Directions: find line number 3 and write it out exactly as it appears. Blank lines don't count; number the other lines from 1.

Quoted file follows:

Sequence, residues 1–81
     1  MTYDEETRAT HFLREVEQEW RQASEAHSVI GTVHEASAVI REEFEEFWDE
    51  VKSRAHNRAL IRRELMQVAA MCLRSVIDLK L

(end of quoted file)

    51  VKSRAHNRAL IRRELMQVAA MCLRSVIDLK L